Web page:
A car-free city or carfree city is a population centre that relies primarily on public transport, walking, or cycling for transport within the urban area.
It’s Saturday evening in Pontevedra and a crowd is beginning to disperse in the Praza de España. The thick layer of grey cloud that hung stubbornly over the city has burnt off, revealing a watery sunset that spreads a rosy glow over the bustling town centre. Groups of runners in neon orange t-shirts stand around drinking water and stretch aching muscles. This is the Carrera Ponle Freno, a 10-kilometre race that ends in the historical Galician city. Whilst in any other town volunteers would be clamouring to get the streets cleaned up and reopened to traffic, here they stand around congratulating participants and chatting to families. Pontevedra is not like any other town in Spain: this is a city that has banned cars.
Pedestrianisation of Pontevedra
The pedestrianisation of the city is just one of the environmental measures introduced by mayor Miguel Anxo Fernández Lores when he was elected in 1999. By prohibiting vehicles from entering the 300,000 square-metre centre, Lores succeeded in reducing the number of automobiles passing through the city on a daily basis from 80,000 to 7,000.
“The truth is that before the traffic was complete chaos,” says Camilo Garrido, lifelong Pontevedra resident and owner of the Acolá hostel in the centre of the city. “People drove around these streets in both directions and there were way too many of them for a city designed to meet the needs of the previous century.” Today, vehicles are permitted in only 25% of the city and there is a strict 30 km/hour speed limit in place. Progressive pedestrianisation has created a whopping 1.3 million square metres of car-free space with 40 kilometres of new walking and cycle paths laid to promote alternative forms of transport.
Benefits of a carless city
The benefits are clear: Pontevedra’s CO2 emissions have decreased by 67% since 1999, with pollution levels now well within the safe limits set by the WHO (for context, 80% of cities in the world currently exceed the recommended pollution levels). There have been no fatal traffic accidents in the last decade and the city has attracted 12,000 new residents.
Living in a carless city
But what do Pontevedra’s locals think about the car-free city? Vehicle restrictions are notoriously unpopular; so much so that parties chewing at the political bit are apt to list their abolition as a voting incentive on their manifestos. Just a few months ago, the new right-wing mayor of Madrid announced his intention to suspend the low-emission-zone initiative Madrid Central, despite its success in reducing levels of nitrogen oxide and CO2 in the capital. In Pontevedra, the vehicle ban may have initially attracted some criticism, but residents seem to have come around and wholeheartedly embraced the system.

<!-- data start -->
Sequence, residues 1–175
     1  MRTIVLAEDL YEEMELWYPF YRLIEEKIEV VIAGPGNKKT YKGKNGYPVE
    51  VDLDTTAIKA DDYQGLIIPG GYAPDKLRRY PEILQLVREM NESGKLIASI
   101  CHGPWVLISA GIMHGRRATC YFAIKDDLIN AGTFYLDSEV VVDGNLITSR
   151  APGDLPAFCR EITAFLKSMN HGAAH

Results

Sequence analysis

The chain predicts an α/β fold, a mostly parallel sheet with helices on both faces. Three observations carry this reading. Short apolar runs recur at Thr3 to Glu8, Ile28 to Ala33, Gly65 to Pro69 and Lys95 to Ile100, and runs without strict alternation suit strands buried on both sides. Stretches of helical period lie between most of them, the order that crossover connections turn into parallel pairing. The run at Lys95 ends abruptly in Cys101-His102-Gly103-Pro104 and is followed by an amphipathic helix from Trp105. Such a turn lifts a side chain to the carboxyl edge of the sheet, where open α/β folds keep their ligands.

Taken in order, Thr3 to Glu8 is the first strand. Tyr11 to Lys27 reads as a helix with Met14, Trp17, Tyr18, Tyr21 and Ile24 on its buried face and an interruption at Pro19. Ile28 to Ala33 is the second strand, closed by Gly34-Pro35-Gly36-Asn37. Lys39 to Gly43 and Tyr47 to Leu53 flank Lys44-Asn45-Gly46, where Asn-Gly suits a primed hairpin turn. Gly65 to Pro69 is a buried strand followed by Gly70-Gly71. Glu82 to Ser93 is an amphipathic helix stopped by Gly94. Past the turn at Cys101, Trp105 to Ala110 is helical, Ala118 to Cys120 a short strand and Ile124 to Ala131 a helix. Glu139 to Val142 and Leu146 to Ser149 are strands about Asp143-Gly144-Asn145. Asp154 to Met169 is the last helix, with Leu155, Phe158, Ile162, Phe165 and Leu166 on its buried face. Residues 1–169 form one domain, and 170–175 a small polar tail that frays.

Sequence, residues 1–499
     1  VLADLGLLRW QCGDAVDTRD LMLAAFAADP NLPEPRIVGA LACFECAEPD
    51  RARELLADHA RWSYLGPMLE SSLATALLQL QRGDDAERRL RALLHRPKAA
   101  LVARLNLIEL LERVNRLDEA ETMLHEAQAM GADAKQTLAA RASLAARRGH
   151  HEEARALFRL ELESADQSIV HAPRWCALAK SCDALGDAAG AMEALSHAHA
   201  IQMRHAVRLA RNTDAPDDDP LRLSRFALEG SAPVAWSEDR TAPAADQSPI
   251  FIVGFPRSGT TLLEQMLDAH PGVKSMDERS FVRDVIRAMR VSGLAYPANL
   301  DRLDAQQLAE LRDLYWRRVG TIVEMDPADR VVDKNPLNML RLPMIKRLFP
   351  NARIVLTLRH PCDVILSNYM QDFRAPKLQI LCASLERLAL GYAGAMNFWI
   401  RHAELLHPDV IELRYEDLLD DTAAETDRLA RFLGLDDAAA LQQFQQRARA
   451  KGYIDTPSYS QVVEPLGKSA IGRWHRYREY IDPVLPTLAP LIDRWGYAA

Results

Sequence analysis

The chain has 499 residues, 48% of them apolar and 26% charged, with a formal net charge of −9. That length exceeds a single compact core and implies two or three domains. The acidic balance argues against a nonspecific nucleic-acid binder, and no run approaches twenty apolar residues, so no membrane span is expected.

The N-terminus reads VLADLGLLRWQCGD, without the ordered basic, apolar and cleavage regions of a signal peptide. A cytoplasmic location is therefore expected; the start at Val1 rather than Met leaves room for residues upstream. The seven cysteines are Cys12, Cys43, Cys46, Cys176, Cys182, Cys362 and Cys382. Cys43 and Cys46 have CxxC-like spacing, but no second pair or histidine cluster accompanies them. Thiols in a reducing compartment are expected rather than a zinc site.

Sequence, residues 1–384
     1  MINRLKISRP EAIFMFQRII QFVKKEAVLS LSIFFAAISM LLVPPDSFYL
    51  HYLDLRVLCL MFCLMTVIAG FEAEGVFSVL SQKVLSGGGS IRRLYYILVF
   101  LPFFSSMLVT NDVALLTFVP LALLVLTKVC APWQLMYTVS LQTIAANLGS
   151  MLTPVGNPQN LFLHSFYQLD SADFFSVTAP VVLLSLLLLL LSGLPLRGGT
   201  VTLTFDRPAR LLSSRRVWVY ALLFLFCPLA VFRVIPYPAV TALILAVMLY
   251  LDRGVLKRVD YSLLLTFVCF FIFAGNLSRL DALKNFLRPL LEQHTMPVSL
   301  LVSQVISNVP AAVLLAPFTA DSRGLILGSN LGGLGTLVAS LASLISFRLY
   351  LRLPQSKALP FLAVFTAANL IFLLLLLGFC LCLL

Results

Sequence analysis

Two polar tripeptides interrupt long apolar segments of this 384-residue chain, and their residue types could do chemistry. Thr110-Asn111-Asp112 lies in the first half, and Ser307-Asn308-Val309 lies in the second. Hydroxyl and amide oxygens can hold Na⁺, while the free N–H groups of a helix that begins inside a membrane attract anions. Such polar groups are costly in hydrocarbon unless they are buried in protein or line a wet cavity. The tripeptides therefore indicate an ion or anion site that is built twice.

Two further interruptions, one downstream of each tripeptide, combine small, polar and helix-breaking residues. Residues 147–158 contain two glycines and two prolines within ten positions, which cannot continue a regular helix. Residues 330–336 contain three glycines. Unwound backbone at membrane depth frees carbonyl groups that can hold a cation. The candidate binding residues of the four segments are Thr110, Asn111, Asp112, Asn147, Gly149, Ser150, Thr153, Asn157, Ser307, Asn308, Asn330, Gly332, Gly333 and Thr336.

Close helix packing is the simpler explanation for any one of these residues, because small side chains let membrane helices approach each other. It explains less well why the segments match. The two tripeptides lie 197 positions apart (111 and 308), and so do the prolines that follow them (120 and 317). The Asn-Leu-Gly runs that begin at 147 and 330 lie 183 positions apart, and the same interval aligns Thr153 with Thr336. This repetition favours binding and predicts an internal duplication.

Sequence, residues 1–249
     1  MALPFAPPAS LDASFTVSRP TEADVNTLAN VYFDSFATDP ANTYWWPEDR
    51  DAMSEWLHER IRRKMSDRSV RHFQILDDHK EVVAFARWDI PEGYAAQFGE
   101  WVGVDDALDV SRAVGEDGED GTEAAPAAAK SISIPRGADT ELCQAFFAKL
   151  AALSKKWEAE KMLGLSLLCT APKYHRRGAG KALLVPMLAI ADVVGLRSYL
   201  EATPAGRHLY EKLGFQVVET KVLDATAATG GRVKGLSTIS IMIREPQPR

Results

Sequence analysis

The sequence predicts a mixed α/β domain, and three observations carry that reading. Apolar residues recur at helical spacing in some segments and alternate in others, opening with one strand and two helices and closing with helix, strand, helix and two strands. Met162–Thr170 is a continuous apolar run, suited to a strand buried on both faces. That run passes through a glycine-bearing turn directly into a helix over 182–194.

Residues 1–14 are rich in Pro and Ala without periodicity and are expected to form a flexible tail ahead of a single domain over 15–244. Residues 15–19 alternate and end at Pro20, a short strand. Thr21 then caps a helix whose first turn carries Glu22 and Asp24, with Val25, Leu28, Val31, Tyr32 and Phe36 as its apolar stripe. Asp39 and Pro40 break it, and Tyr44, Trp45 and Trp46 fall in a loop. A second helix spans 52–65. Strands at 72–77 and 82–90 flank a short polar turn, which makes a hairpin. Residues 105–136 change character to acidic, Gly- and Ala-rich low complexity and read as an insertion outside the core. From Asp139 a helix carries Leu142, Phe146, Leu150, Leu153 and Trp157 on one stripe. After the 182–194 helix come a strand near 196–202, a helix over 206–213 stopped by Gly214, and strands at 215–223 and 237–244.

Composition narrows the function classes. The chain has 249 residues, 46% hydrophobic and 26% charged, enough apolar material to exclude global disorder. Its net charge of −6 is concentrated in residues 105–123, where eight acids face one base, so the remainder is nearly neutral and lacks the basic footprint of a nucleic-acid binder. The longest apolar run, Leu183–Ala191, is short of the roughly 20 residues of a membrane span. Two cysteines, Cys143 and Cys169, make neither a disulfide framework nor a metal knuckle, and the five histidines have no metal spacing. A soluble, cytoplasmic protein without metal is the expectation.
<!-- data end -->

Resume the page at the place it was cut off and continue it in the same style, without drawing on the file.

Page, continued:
“It’s very practical, there’s no pollution and it’s nice for tourists who come to visit as well,” says Stephane Renard, owner of the popular French eatery Crepeo in the city centre. “The only possible drawback is that we only have 15 minutes to unload our stock, but it’s nothing serious. From a business perspective, it’s been a positive experience for me.”
Among those tourists escaping the Spanish heatwave are Yolanda Moreno and Antonio Gallardo, visitors from the town of Alcorcón in the suburbs of Madrid. What were their first impressions of Pontevedra?
“There are no cars, no exhaust fumes, you can walk everywhere, it’s a very pleasant city, very pretty,” enthuses the latter, describing how they parked up outside the city centre and explored the town on foot. “I didn’t know that the city has actually won prizes for sustainability,” adds Yolanda, referring to the fact that Pontevedra received both the 2013 European Intermodes Award and the 2015 UN Habitat Award. “The city has a really positive vibe.”
Nina, a visitor from Berlin hiking the famous Camino de Santiago, agrees: “It’s very green, there are a lot of plants, it’s a lot calmer than other towns I’ve walked through and I’ve really enjoyed being here – I wish we had a scheme like this in Berlin!”.
Could this work in other cities?
Whether other European cities should adopt similar measures for limiting traffic is somewhat of a hot topic right now. Whilst progressive EU legislation since the 1970s has seen air quality slowly improve, pollution is still estimated to kill around 800,000 people across the continent every year. A recent ISGlobal study of PM2.5 levels in Barcelona concluded that reducing the levels in line with WHO safe limits would increase the lifespan of every resident by 47 days. Could the Pontevedra model be successfully be rolled out across larger European cities?
“I think that the system could work in a larger city, yes,” says Camilo Garrido. “But it would need to be combined with a more reliable system of public transport. You need to look at a radius of 20 or 30 kilometres around the city and make sure those areas are well connected as well.”
“There are other cities in Europe that are already starting to implement this model,” adds Stephane Renard. “We’ve had delegations from places like Paris and Grenoble come to visit Pontevedra to learn how to replicate the system we have here.”
Whilst logistics, funding, public opinion and party politics all play a part in the success of initiatives aimed at improving air quality in urban areas, Pontevedra is living proof that it is possible to have car-free cities in the 21st century. With the escalation of environmental degradation around the world, now is the time for us to consider alternative city models to tackle air pollution and promote a greener way of living.